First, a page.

Enter Your Search:
Results 1-2 (2)
Go to page number:
Select a Filter Below
Beilstein Journal of Nanotechnology (1)
Journal of Oral and Maxillofacial Pathology : JOMFP (1)
George, Antony (2)
Gölzhäuser, A (1)
Hlawacek, Gregor (1)
Lorbek, Stefan (1)
Mani, Varghese (1)
Mocking, Tijs F (1)
Poelsema, Bene (1)
Veligura, Vasilisa (1)
Zandvliet, Harold J W (1)
van Gastel, Raoul (1)
Year of Publication
Imaging ultra thin layers with helium ion microscopy: Utilizing the channeling contrast mechanism
Mocking, Tijs F
van Gastel, Raoul
Zandvliet, Harold J W
Beilstein Journal of Nanotechnology
Background: Helium ion microscopy is a new high-performance alternative to classical scanning electron microscopy. It provides superior resolution and high surface sensitivity by using secondary electrons.
Results: We report on a new contrast mechanism that extends the high surface sensitivity that is usually achieved in secondary electron images, to backscattered helium images. We demonstrate how thin organic and inorganic layers as well as self-assembled monolayers can be visualized on heavier element substrates by changes in the backscatter yield. Thin layers of light elements on heavy substrates should have a negligible direct influence on backscatter yields. However, using simple geometric calculations of the opaque crystal fraction, the contrast that is observed in the images can be interpreted in terms of changes in the channeling probability.
Conclusion: The suppression of ion channeling into crystalline matter by adsorbed thin films provides a new contrast mechanism for HIM. This dechanneling contrast is particularly well suited for the visualization of ultrathin layers of light elements on heavier substrates. Our results also highlight the importance of proper vacuum conditions for channeling-based experimental methods.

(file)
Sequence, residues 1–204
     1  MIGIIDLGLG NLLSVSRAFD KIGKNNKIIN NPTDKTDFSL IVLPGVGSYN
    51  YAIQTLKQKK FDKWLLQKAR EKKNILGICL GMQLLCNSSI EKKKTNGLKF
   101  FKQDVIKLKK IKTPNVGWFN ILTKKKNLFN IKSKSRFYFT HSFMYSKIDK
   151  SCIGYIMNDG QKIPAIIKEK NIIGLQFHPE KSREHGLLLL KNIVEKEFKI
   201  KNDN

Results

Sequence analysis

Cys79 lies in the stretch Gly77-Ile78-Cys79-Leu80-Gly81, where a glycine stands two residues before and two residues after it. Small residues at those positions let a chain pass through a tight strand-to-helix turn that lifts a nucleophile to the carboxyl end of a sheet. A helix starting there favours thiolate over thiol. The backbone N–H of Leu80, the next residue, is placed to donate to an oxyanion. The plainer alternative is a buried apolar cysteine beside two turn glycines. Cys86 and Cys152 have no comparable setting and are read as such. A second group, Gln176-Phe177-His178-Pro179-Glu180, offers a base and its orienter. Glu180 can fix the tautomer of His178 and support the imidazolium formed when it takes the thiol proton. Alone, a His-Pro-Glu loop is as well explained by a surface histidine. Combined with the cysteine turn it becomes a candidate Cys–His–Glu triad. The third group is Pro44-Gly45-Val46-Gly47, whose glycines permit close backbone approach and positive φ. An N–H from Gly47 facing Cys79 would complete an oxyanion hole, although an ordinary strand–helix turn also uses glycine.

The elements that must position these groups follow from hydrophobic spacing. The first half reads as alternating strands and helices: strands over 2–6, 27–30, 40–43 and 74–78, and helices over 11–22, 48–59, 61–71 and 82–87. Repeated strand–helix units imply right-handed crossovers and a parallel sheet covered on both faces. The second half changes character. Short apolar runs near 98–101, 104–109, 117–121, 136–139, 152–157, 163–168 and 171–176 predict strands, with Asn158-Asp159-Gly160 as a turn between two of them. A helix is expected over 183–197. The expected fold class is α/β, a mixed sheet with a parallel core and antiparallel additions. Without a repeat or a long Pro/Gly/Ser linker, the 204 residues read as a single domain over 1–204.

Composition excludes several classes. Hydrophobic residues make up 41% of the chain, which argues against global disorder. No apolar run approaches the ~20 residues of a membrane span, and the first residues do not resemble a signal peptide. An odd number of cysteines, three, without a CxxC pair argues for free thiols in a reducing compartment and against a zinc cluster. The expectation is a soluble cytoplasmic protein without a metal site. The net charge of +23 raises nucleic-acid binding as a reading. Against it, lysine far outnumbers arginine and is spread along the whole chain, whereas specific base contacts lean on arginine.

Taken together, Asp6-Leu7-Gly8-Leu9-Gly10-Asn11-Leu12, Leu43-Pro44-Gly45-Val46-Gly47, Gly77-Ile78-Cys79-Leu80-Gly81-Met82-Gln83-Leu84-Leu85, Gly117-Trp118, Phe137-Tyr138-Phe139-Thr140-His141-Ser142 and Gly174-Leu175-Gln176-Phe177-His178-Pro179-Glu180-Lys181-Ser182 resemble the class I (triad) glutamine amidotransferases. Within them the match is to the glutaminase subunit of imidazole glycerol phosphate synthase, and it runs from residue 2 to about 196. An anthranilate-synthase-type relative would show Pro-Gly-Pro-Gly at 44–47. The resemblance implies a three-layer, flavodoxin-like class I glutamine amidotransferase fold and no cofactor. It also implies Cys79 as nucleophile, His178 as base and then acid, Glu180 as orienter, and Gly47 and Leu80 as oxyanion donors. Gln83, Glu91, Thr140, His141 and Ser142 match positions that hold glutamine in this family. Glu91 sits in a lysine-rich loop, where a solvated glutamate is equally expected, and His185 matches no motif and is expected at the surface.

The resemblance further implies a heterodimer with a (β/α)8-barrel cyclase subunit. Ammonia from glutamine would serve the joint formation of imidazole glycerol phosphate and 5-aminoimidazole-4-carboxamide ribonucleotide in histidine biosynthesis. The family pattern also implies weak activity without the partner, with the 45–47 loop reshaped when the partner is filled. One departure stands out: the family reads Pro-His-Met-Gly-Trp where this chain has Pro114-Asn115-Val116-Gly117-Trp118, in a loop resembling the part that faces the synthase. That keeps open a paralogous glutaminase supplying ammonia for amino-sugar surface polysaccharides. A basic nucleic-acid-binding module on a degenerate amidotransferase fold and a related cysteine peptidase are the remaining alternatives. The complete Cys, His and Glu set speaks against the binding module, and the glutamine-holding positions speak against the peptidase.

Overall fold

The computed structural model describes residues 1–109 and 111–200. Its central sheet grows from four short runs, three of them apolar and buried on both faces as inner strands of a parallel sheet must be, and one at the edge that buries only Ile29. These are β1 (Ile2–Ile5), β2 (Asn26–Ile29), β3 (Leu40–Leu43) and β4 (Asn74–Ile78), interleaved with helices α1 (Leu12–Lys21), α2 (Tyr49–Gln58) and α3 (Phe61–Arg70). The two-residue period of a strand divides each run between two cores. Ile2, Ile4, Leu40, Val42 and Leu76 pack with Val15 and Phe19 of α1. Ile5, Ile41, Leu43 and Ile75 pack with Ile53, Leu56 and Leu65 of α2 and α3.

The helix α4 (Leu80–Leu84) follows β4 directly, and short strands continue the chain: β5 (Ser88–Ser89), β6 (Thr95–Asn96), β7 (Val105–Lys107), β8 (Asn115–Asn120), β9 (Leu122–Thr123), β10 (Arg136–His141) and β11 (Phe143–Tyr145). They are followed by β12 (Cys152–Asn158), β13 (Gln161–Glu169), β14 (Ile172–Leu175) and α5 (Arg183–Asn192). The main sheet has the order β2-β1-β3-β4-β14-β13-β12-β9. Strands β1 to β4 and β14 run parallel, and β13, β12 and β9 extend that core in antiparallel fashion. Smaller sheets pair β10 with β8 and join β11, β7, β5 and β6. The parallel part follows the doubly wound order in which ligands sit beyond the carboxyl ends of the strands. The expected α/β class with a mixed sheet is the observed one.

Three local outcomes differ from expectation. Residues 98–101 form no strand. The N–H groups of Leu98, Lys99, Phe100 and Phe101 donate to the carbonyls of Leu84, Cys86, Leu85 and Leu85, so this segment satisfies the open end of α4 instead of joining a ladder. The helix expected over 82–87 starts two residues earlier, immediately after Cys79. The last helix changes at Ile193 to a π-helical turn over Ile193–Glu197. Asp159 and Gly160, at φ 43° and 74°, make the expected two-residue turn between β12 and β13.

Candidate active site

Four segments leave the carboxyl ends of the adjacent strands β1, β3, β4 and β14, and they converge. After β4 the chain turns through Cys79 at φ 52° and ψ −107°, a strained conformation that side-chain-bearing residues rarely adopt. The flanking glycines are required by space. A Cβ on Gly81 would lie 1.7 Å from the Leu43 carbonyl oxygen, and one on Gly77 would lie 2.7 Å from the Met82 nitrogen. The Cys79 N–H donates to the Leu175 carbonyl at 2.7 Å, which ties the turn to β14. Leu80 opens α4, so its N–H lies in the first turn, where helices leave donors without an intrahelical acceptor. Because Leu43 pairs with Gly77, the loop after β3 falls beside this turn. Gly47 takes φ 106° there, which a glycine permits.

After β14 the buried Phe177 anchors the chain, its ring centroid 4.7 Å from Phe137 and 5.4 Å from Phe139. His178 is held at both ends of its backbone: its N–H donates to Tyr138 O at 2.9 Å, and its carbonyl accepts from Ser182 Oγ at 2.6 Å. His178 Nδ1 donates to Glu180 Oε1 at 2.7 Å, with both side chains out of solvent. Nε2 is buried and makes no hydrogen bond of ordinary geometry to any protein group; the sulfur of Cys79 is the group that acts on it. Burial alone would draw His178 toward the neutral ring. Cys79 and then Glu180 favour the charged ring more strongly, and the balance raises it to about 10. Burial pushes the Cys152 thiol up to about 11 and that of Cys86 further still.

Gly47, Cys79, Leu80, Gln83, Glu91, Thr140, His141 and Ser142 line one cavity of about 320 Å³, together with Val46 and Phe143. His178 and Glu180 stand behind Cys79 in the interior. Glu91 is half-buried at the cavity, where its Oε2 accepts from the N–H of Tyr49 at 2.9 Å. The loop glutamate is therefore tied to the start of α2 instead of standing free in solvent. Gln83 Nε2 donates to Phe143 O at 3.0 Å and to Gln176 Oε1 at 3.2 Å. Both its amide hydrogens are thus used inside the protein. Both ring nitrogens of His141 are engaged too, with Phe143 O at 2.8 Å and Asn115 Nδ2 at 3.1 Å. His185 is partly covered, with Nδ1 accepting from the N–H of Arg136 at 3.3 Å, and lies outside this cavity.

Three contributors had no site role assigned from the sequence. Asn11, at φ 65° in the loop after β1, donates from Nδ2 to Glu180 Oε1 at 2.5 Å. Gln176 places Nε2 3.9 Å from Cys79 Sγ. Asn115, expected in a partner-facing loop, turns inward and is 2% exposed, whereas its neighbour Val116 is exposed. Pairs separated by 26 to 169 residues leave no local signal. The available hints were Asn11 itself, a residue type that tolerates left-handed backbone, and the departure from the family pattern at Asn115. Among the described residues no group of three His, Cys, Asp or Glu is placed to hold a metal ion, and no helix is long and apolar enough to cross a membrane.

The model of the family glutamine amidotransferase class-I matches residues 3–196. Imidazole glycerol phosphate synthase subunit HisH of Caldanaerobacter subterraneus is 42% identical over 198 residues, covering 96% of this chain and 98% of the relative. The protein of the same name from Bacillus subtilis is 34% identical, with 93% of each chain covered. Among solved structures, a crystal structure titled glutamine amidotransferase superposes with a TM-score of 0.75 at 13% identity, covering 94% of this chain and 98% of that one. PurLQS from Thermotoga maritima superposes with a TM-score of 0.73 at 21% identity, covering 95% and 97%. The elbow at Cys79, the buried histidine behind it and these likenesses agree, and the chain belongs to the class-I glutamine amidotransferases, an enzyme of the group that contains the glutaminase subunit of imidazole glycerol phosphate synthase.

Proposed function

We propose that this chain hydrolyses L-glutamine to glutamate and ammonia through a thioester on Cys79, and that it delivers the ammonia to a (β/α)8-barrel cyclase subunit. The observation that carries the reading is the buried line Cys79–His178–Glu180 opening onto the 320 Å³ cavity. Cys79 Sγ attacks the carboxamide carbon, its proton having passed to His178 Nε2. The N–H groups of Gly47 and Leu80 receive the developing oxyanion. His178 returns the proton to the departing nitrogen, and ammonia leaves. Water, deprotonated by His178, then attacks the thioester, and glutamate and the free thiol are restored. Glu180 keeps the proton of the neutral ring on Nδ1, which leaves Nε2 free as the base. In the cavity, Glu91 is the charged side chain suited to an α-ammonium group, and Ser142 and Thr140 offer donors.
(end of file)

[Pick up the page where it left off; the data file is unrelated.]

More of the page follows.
channeling; contrast mechanism; helium ion microscopy; ion scattering; thin layers
Gnathic osteosarcomas: Review of literature and report of two cases in maxilla
Journal of Oral and Maxillofacial Pathology : JOMFP
Primary neoplasms of the skeleton are rare, accounting for 0.2% of overall human tumor burden. Osteosarcoma (OS) accounts for 15–35% of all primary bone tumors, while gnathic osteosarcomas (GOS) represent 4–8% of all osteosarcomas. GOS shows a predilection for men, a peak incidence of 33 years, and affects the mandible more than the maxilla. We review the scientific literature for a better understanding of the clinical, radiographic, and histopathological features of GOS, along with its etiology, staging, treatment protocol, prognosis, and survival. Evidence from molecular research suggests that it is a differentiation disease that disrupts osteoblasts differentiation from mesenchymal stem cells. The classical radiographic finding of a “sunburst” appearance is appreciated only in 50% of GOS. The universally accepted staging system is not commonly used due to the rarity with which they metastasize to the regional lymph nodes. A number of distinct histopathological subtypes have been described, of which osteoblastic GOS are most common. The treatment protocol is multimodal consisting of preoperative chemotherapy followed by surgery and postoperative chemotherapy, and has a 60-70% five-year survival rate. We present two case reports of osteosarcoma involving the maxillary that were initially misdiagnosed as peripheral giant cell granuloma and osteoma of the maxilla, respectively. These case reports demonstrate the diverse clinical, radiographic, and histopathological features that can be encountered in GOS.
Bone tumor; gnathic; jaw; maxilla; metastasis; osteogenic sarcoma; osteosarcoma; prognosis; recurrence; staging; treatment
Results 1-2 (2)
Go to page number:
Remove citation from clipboard
Add citation to clipboard
This will clear all selections from your clipboard. Do you wish proceed?
Clipboard is full! Please remove an item and try again.
PubMed Central Canada is a service of the
Canadian Institutes of Health Research
(CIHR) working in partnership with the National Research Council's
Canada Institute for Scientific and Technical Information
in cooperation with the
National Center for Biotechnology Information
U.S. National Library of Medicine
(NCBI/NLM). It includes content provided to the
PubMed Central International archive
by participating publishers.